Well, the internet is a great place to find reference -especially on Russian stuff. So between walkarounds and online books I finally foudn out how was done most of the interior for that T-26 tank, plenty of plasticard. I still have to do all the cases and stuff on each side of the direction bar.
So here is another view of the inside with the opening for the rear wheel.
here is the front and top of the T-26, lots of Scale Hardware rivets added as well as a few PE details (that were left from the King Child diorama)
Some modeler cliché perhaps? okay, "PE hell", accurate for those Aber fenders, the are really hard to solder
So here is the second part of my Fossil Triptych (out of 3 eh..).
So I was giving a website course some 10 years ago and I had that girl saying to me at the pause with some weird voice just like she had some hair on the tongue "Well my boyfriend died in the mountian a few years back, they found his body only two years later and you know what? His Breitling was still in working condition!"
So Then I got in mind that guy's picture with a big wrist watch on his hand, poor fellow's body was totally burned and I asked myself if his watch was still in working condition.
First let's bend a bit of brass
Then let's cover the brass with a mix half half Duro/Magic Sculp.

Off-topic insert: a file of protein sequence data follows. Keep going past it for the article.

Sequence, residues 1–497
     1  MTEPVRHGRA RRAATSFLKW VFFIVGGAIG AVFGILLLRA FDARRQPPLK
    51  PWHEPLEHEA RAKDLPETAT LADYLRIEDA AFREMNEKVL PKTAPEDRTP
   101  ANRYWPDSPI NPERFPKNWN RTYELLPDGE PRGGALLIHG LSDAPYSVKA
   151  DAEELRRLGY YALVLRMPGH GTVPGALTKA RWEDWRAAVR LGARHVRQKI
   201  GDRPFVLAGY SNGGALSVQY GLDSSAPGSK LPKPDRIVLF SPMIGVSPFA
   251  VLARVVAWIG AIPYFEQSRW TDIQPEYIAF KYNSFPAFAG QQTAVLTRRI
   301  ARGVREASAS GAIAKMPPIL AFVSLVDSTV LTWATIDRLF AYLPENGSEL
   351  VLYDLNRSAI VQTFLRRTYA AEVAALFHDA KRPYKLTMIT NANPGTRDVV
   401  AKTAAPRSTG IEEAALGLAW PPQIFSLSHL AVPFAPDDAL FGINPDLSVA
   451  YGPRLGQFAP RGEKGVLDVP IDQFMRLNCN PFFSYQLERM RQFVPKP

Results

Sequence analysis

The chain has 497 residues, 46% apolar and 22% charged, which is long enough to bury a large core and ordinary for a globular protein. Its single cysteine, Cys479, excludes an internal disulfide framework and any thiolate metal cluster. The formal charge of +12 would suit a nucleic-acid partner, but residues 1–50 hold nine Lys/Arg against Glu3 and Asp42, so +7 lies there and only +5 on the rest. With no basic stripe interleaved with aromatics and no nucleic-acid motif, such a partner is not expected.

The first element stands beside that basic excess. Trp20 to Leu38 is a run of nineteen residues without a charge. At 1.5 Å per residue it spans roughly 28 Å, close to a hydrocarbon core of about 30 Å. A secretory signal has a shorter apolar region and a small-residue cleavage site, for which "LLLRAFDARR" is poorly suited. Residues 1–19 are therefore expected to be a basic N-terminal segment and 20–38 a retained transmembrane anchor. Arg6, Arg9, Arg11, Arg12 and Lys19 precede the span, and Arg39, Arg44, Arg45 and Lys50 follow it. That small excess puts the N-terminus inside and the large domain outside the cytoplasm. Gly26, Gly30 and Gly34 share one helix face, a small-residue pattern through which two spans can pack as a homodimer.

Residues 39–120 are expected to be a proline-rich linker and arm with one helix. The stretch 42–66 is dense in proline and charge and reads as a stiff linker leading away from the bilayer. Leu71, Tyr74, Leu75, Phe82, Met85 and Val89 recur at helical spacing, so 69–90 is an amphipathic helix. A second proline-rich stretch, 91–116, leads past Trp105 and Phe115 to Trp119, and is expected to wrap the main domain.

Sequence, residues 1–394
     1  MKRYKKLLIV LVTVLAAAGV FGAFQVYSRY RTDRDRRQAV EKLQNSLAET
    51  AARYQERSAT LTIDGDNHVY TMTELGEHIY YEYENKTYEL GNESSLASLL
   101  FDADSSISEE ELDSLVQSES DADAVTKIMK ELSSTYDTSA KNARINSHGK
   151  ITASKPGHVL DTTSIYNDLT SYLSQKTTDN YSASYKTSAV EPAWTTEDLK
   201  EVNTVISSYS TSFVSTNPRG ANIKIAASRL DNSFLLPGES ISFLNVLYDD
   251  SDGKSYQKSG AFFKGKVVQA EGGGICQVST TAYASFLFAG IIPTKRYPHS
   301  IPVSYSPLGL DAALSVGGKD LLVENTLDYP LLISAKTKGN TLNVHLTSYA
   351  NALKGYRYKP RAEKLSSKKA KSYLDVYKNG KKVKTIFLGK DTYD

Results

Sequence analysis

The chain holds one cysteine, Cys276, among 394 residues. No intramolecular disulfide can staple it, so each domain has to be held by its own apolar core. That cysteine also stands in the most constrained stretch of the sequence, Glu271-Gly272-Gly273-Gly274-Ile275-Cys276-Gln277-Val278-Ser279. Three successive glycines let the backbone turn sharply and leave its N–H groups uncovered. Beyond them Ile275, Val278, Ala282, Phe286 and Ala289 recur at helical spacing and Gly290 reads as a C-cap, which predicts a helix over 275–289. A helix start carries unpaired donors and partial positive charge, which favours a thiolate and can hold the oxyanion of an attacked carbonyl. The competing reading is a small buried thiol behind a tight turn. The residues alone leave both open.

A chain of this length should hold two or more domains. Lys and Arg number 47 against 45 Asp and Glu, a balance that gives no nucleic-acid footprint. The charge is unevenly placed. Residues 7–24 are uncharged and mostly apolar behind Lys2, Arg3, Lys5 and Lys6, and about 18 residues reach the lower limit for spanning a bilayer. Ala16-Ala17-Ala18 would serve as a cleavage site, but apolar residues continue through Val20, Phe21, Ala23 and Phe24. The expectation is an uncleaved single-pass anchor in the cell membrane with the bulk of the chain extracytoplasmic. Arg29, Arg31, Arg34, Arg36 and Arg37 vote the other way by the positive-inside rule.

So here we go with finishing the fig (including the watch)
Second day, I had to cover the whole of the body with Magic Sculp/Duro.
Like they say in the Lord of The Rings movie "What about their legs, they don't need those".
yep in my ref pic, the bones are sticking out like that, sorry for the details. I also put a picture of the face while i was sculpting it, I added the teeth with an X-Acto
When the whole was dried, I added some "dust" on the body -quuite a lot actually, i will have to complete the texture using pigments on the painting stage
The left picture shows the fig in the same position as the original -that is he got one hand in the other. i quite liked the "raised hand effect". I will further work on that on Part 3.
Here is the way now i am doing the bases for the Fossil series. first a plaster base -that's simple, I just pour plaster in a vague form done out of plasticard that i sand afterwards.
Then when cleaning my plaster dish, I put one the water with the plaster wash on some plastic surface that I leave to dry.
Then I break it with the hands and "glue" it on the plaster base using some ultra diluted plaster.
I just have to trim it and paint now.
So i have got the base and the figure, I now need accessories.
As usual less is more, but then on my reference pictre, the body was surrounded by a great number of entangled wires, so I decided to do these.
So I took an old electric cable, I wiped out the platsuic and soldered everty extremity of those. I alos soldered some of them together so I could get a big block
Then I sculpted a cylindracal shape out of some platsic bit from an old model adding some Duro/Magic sculp shapes on it to mimic torn metal
Please now notice the change of Camera (going from C2005 to C2012..) and here is the Magic Sculp with dangling wires. I added some MS on the top of it to make a distress look on the wires
And here are most of the elements ready for paint.
The tube like shape was also taken from the ref picture but I don't what it is. Could be landing gear but a bit small..
Okay, let's paint the plaster base.